DiIanni dynasty ends with B1G departure

GVL / Archive

GVL / Archive

Adam Knorr

Grand Valley State University women’s soccer coach Dave DiIanni paced back and forth, speaking sharply to his team. His players stood at rapt attention and listened keenly with intent to learn, fixated upon their decorated coach.

Then, the tone changed in a split second with raucous laughter. DiIanni found himself looking up at his team, the intense mood long gone. A soccer net interrupted his monologue and trapped DiIanni around the ankles, bringing him crashing to the turf. Just like that, the entire team was relaxed.

Former GVSU standout Kayla Addison recalls that story fondly. Addison describes DiIanni, who recently accepted the head coaching position at the University of Iowa, as a “goofy” coach whose antics and attitude often led to a relaxed and comfortable vibe on the field.

That vibe certainly translated into a whole lot of wins for the GVSU program.

As DiIanni’s name has become synonymous with success in the last 11 years, his coaching style has become lauded. A teacher before a coach, DiIanni always worked to improve the character and integrity of his players before fine-tuning their dribbling and passing abilities — and it’s hard to say which he did better.

After accepting the job at GVSU in 2003, DiIanni quickly climbed the ranks and became one of the top NCAA Division II women’s soccer coaches in the nation. During his 11 years at the helm, he racked up an otherworldly 221-18-18 record and a .895 winning percentage — the top mark in Division II history.

Under his direction, GVSU won three national championships (2009, 2010, 2013), garnered seven NCAA Final Four appearances and took home nine consecutive GLIAC titles from 2005-2013.

Defense was often the calling card of DiIanni’s squads. The Lakers amassed 175 shutouts in 257 games under his direction. The 2013 campaign, DiIanni’s last, was especially impressive. The Lakers managed to post 21 straight shutouts en route to a 24-0-1 record and a national championship.

Combine the mass of achievements with the time he spent in the Allendale community and it becomes apparent that his decision was anything but easy.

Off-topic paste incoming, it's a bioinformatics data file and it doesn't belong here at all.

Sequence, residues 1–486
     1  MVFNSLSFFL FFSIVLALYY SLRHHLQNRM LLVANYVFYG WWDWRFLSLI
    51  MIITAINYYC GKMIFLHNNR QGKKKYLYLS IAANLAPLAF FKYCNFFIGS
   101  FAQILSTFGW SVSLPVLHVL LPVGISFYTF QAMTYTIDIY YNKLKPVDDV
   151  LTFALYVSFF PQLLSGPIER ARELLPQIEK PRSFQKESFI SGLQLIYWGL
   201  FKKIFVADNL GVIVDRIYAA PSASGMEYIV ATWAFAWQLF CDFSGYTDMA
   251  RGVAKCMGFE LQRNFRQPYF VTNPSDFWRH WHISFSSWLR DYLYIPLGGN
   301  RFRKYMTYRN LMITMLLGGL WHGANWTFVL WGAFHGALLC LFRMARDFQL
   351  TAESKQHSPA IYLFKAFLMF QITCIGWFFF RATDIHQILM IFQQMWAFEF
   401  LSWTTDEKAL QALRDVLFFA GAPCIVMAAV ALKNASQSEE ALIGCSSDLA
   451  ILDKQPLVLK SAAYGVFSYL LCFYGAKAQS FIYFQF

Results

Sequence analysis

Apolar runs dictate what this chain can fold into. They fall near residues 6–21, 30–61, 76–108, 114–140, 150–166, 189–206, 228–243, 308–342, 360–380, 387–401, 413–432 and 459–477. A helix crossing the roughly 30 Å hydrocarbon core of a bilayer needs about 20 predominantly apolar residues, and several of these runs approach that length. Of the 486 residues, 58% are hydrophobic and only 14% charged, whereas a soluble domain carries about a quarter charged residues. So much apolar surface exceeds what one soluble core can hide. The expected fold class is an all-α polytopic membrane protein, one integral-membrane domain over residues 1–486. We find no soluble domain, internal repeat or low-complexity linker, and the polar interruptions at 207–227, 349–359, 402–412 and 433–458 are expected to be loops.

When he committed to taking the job with the Hawkeyes, the school year had wrapped up at GVSU and most of his former team had already headed home for the summer. DiIanni emailed his team, explained the situation and spent the day calling each player individually to talk them through his decision.

What was it about the Iowa job that so enticed the former Laker coach?

“(The job) appealed to me because of the similarities to GVSU,” he said. “It was an administration that looked outside the box, they didn’t recycle people they’d had before. They were looking for both a teacher of the game and a teacher of life. The community is great, especially for raising a family at a crucial time.

“Thank you to the school and the community for the 11 years that they gave our family.”

In the wake of his departure, DiIanni leaves behind a program with an abundance of talent and the infrastructure to experience continued success for years to come. This is not the first time GVSU has lost an established coach — nor will it be the last.

“We’re very proud of Dave’s performance and what he did to contribute to the building of our program,” said GVSU Director of Athletics Tim Selgo. “We’re very appreciative of what he did and we’re confident that the program he takes over at Iowa will be successful.”

DiIanni replaces Ron Rainey at the University of Iowa, which, under Rainey’s command, finished with a 15-7-1 (5-5-1 Big Ten) record last season. Meanwhile, in Allendale, filling DiIanni’s shoes will be a tall order, but a search committee is already on the case with hopes to appoint a new hire at the end of June.

“One of the most important things is finding a teacher, someone who can really teach the game,” Selgo said.

DiIanni taught the philosophy to hundreds of players in his time at GVSU, and — in addition to the team’s success — the strength of GVSU’s program is reflected in the numerous individual achievements earned by his players.

Five players earned Daktronics, Inc. All-American honors last season, the last of 29 players to garner the award under DiIanni. He also coached 19 NSCAA All-Americans — including two NSCAA Player of the Year award winners (Irie Dennis in 2009 and Jenna Wenglinski in 2010).

He was a coach who seemed to give his players every opportunity to flourish. Addison, for example, will be playing for FC Indiana of the WPSL Elite League this summer after capping off an impressive two-sport career in Allendale.

As she moves on to Indiana and DiIanni moves on to Iowa, GVSU begins its journey forward. It has been more than a decade since the last coaching change, but the talented Lakers will likely have what it takes to protect their title when the season begins at home against Quincy University on Sep. 5.

The defending champs won’t be forgetting their goofy coach anytime soon, but they’ll certainly be ready to create more memories — perhaps with another national crown — no matter who is standing on the sideline in 2014.

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